ation can take their kids there.


Of course it's worth being
kept in the budget. It's some-
place we can go and enjoy part
of our heritage; and when it's
gone-it's gone.

CHARLIE GILMORE, 49
Liberty City, Retired

It gives us as a community,
someplace to go. It's more than
just worth
keeping in
the budget,
it's impor-
tant that
it be kept
there. I take
my own kids
there often. ,
It shouldn't
have been
allowed to fall into disrepair
when it was shut down before,
and now we might lose it? They
need to make the cuts some-
place else.


scrie


surprise and shock that this
type of massacre could take
place in Columbine, Colorado. I
guess it was assumed that Col-
umbine was too safe and too ho-
mogeneous for school violence.
Shootings of this magnitude
only occur in urban communi-
ties where gangs stalk each oth-
er in the streets... so we thought!
Well, I have news for everyone,
no community or school is ex-


empt from the tragedy that oc-
curred at Coral Gables Sr.
High.
I guess Martin Luther King
was correct when he lamented
that unfortunately ' there are
people in this society who are
unable or unwilling to disagree
with without being violently dis-
agreeable.
Dr. Robert Malone Jr.
Miami


Word around City Hall is that State Attorney Katherine Fer-
nandez-Rundle has been busy taking demonstrations of a lot
of politicians and wannabe insiders with the intent of opening
some old sores that won't seem to heal. Stay tuned.

No sooner than the fires engulfing popular Miami Beach
Catholic priest Alberto Cuti6 had died down, another blaze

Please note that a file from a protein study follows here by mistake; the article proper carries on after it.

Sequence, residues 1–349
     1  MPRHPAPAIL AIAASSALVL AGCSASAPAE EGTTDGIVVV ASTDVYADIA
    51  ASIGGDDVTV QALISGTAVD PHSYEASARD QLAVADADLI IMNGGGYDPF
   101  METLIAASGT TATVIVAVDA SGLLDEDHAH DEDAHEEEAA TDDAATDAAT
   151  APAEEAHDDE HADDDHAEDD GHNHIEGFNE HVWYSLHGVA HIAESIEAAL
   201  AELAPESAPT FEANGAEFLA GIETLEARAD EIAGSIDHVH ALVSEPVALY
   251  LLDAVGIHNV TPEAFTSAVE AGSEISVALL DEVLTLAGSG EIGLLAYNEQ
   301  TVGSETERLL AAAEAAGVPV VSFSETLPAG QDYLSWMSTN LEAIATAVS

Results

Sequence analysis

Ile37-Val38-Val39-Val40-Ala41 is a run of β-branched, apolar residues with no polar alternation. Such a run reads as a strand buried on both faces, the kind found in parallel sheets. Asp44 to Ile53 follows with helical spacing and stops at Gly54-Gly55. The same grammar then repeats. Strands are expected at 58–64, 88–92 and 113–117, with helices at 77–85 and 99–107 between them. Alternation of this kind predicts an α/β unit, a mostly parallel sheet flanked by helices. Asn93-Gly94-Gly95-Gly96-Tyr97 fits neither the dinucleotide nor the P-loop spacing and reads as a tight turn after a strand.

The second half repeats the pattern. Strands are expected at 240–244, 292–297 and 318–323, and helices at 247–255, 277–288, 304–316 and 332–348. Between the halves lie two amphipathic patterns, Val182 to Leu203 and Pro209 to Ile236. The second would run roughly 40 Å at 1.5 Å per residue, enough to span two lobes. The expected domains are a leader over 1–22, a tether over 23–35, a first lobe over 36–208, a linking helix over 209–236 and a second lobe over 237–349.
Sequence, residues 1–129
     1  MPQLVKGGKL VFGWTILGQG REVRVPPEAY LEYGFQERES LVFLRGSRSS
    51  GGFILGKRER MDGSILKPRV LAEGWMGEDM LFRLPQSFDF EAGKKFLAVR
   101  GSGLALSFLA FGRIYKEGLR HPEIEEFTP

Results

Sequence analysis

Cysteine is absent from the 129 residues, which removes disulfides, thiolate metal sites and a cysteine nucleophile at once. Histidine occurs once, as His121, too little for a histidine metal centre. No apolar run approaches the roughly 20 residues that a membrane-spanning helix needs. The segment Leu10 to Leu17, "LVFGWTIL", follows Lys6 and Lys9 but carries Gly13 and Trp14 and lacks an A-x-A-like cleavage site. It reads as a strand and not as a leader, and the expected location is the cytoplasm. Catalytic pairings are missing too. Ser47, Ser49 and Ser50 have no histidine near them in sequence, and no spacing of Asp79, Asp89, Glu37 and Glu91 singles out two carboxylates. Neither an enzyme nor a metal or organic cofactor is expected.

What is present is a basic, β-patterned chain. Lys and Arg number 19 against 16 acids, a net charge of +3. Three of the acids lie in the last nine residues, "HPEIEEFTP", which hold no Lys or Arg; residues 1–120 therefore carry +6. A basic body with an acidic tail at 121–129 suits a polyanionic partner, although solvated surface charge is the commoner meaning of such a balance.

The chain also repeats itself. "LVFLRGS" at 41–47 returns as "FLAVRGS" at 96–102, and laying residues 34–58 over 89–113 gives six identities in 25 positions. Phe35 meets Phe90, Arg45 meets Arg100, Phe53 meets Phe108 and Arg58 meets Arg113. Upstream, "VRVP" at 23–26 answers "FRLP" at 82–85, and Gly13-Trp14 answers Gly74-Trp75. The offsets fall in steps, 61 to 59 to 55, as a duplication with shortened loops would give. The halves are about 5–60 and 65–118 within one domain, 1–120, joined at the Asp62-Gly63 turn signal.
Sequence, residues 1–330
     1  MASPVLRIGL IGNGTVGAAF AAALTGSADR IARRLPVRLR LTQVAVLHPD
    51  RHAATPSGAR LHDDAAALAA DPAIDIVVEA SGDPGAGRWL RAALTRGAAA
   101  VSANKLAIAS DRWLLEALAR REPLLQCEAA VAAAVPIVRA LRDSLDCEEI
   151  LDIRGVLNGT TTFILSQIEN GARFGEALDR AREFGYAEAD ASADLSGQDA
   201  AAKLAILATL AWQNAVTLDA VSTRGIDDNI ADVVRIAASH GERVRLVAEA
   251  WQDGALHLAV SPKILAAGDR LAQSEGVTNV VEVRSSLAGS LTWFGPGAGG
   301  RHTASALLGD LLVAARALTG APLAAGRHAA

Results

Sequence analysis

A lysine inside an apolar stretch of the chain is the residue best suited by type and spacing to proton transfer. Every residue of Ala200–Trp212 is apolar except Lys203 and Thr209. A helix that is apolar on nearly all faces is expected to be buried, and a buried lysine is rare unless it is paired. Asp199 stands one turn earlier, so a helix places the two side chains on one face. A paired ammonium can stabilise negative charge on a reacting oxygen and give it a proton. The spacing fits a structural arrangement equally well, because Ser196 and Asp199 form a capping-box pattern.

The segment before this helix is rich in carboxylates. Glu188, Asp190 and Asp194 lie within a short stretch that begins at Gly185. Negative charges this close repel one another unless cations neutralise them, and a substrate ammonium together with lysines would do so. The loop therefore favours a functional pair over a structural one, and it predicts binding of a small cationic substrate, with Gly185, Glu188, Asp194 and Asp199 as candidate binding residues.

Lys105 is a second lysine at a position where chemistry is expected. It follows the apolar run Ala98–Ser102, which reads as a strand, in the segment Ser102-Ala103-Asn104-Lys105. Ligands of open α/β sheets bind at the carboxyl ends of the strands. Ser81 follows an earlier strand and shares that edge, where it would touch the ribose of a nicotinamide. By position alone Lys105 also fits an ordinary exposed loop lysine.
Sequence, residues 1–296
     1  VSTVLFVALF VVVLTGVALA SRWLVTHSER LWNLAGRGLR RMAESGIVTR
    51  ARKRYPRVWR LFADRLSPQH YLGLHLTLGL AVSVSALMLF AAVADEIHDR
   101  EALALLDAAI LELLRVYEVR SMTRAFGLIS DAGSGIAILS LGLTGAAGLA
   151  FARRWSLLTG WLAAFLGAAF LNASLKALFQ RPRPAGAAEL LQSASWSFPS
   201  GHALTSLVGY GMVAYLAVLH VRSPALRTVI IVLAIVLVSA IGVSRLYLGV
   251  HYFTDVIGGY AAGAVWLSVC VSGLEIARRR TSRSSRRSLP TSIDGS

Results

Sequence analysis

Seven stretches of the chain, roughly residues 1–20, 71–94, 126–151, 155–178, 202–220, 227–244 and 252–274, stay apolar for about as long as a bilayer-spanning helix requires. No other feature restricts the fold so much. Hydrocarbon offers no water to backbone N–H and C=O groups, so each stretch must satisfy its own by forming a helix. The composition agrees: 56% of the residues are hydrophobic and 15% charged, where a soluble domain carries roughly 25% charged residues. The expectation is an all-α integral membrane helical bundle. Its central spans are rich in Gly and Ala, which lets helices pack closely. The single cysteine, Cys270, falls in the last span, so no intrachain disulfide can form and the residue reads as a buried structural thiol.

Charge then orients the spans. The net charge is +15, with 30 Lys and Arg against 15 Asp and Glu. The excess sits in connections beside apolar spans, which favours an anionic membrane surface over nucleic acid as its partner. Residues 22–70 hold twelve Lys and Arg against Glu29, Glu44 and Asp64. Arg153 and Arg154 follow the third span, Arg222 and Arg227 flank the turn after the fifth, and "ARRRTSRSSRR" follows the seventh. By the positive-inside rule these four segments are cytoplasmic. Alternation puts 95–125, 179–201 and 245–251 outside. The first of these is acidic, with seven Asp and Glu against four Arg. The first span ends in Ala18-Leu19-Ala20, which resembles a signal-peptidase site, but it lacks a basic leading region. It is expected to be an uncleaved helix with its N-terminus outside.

was ignited this week. An ex-stripper who had a long-running
affair -- and a baby, she says -- with a Pembroke Pines priest
is seeking child support and has filed a restraining order
against him.

Everybody in the country found out about the way we run
our county this week when USA Today published this little
tidbit: The mayor of Miami-Dade County, Fla., approved raises
for 36 police commanders and some key aides weeks after he
publicly warned of steep budget cuts for county employees.

Former National Baptist Convention USA president, Dr.
Henry J. Lyons, lost the recent convention in Memphis, TN
to Dr. Julius Scruggs. Although he was defeated 5032 to 924
votes, Lyons is challenging the results. The court will rule on
the case Sept. 25.

Members of the influential Mega church Coral Ridge Pres-
byterian Church voted overwhelmingly Sunday to keep W.
Tullian Tchividjian, grandson of evangelist Billy Graham, as
their spiritual leader. Tchividjian, became pastor in April, is
accused of replacing church staff with his own, not wearing
a robe when he preaches, watering down Coral Ridge's tradi-